May 2003
Volume 44, Issue 13
ARVO Annual Meeting Abstract  |   May 2003
Functional Vasospasm in Experimental Retinopathy of Prematurity
Author Affiliations & Notes
  • R.L. Roberts
    Anatomy / Cell Biology, Wayne State Univ School of Med, Detroit, MI, United States
  • W. Zhang
    Anatomy / Cell Biology, Wayne State Univ School of Med, Detroit, MI, United States
  • Y. Ito
    Anatomy / Cell Biology, Wayne State Univ School of Med, Detroit, MI, United States
  • B. Berkowitz
    Anatomy / Cell Biology/Ophthalmology, Wayne State Univ School of Med, Detroit, MI, United States
  • Footnotes
    Commercial Relationships  R.L. Roberts, None; W. Zhang, None; Y. Ito, None; B. Berkowitz, None.
  • Footnotes
    Support  NIH Grant EY10221, Research to Prevent Blindness
Investigative Ophthalmology & Visual Science May 2003, Vol.44, 2897. doi:
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    • Get Citation

      R.L. Roberts, W. Zhang, Y. Ito, B. Berkowitz; Functional Vasospasm in Experimental Retinopathy of Prematurity . Invest. Ophthalmol. Vis. Sci. 2003;44(13):2897.

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      © ARVO (1962-2015); The Authors (2016-present)

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Abstract: : Purpose: To determine the association between functional retinal vasospasm (defined as inappropriate vasoconstriction during a carbogen challenge) and NV in a newborn rat model of retinopathy of prematurity (ROP). Methods: Newborn rats were raised under two variable oxygen conditions (50/10 or 40/15) for 14 days and then allowed to recover in room air. Functional magnetic resonance imaging was used to determine the retinal oxygenation response (ΔPO2, mm Hg) to hyperoxic inhalation challenges. Evidence for functional vasospasm was determined by comparing panretinal ΔPO2 measured during carbogen and 100% oxygen breathing. In control rats, carbogen-induced ΔPO2 are greater than oxygen-induced changes so similar ΔPO2 measured in experimental rats during carbogen and oxygen breathing is considered evidence for functional vasospasm. ADPase stained retinas were analyzed to determine the NV incidence and severity. Results: As expected, the 40/15 procedure produced significantly (P < 0.05) lower NV incidence and severity (8 % (7/91), median 1 clockhour) than the 50/10 protocol (100% (122/122), 6 clockhours). At day 20, retinal ΔPO2 during carbogen breathing of the 40/15 animals that did not have evidence of NV was not different (P > 0.05) from that of normal age-matched animals (138 + 6 mm Hg, n = 13, mean + SEM vs. 130 + 5 mm Hg, n = 11, respectively). At day 26 and 34, retinal ΔPO2’s during carbogen breathing of the 50/10 rats that no longer had NV (84 + 4 mm Hg, n = 5 and 87 + 3 mm Hg, n = 7 respectively) were significantly (P < 0.05) lower than that of age-matched control pups (145 + 5 mm Hg, n = 5 and 136 + 6 mm Hg, n = 5 respectively). In separate experiments, at day 34, retinal ΔPO2’s during oxygen breathing of the control rats (94 + 45 mm Hg, n = 7), but not in 50 /10 rats (99 + 3 mm Hg, n = 9), were significantly (P < 0.05) different from the carbogen breathing values (136 + 6 mm Hg and 87 + 3 mm Hg, respectively). Conclusions: No evidence for functional vasospasm was found in 40/15 rats that did not develop NV by P20; later time points were not examined. This result, together with our previous data in 50/10 rats of a subnormal retinal ΔPO2 before and during NV, support an association between vasospasm and the development of NV. In the current study, in 50/10 rats, functional vasospasm persisted after regression of the retinal NV suggesting a continuation of risk of developing additional retinal complications after resolution of the NV in ROP.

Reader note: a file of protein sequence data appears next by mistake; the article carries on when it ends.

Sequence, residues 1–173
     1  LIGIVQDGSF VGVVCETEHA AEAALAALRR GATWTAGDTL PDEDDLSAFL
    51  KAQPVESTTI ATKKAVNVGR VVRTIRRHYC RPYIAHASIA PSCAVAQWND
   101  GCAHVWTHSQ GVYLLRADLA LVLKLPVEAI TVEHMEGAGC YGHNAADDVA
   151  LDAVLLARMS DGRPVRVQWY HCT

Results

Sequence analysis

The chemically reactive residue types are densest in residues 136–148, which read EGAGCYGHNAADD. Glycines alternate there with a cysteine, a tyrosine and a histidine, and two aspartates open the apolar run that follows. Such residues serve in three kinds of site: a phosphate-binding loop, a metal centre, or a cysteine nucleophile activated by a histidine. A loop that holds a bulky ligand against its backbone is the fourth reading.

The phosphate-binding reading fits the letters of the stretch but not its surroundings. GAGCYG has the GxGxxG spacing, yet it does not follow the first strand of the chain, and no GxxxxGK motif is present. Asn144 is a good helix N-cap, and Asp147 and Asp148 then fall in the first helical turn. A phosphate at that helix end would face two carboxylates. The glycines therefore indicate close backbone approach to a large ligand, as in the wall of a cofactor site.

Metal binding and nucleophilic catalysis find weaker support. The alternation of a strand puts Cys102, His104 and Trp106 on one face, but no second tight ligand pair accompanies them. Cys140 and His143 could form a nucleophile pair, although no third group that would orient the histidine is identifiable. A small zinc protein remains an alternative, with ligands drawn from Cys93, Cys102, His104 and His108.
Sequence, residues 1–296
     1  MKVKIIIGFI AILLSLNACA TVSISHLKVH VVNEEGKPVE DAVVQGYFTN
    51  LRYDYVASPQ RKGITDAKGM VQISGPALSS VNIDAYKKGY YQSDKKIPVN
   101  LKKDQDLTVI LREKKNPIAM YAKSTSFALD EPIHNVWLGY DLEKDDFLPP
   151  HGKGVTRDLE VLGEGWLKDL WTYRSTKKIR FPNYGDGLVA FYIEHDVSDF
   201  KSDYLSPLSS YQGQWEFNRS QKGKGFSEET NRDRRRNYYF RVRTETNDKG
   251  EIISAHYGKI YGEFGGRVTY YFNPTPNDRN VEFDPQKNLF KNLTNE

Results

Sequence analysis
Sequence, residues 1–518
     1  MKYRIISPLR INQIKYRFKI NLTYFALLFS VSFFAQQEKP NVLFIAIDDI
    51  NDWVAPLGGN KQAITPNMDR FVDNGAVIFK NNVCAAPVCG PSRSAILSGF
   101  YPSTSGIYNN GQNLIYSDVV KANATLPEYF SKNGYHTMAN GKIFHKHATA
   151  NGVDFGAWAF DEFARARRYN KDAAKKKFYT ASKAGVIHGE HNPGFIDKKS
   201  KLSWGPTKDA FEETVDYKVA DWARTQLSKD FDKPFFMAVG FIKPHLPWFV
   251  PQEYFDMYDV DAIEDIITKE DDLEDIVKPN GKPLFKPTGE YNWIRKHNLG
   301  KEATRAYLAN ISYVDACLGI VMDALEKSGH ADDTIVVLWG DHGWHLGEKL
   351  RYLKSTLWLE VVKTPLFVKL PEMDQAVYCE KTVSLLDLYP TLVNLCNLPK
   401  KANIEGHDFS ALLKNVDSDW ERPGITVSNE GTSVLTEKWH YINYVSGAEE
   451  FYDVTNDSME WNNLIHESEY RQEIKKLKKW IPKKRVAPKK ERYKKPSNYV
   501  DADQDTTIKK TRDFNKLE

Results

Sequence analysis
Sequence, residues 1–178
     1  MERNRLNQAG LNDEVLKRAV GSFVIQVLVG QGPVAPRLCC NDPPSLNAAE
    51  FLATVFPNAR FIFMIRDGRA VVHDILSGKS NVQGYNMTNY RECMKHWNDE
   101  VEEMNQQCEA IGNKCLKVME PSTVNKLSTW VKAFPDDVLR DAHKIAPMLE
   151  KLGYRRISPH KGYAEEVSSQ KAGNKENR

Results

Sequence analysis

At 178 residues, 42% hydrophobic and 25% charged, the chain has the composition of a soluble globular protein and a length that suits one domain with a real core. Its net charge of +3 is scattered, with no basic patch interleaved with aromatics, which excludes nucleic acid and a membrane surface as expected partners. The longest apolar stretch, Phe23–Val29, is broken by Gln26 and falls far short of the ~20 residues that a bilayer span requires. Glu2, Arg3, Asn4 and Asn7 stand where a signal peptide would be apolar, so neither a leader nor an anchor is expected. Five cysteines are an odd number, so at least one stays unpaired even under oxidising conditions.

Keywords: animal model • imaging methods (CT, FA, ICG, MRI, OCT, RTA, S • retinal neovascularization 

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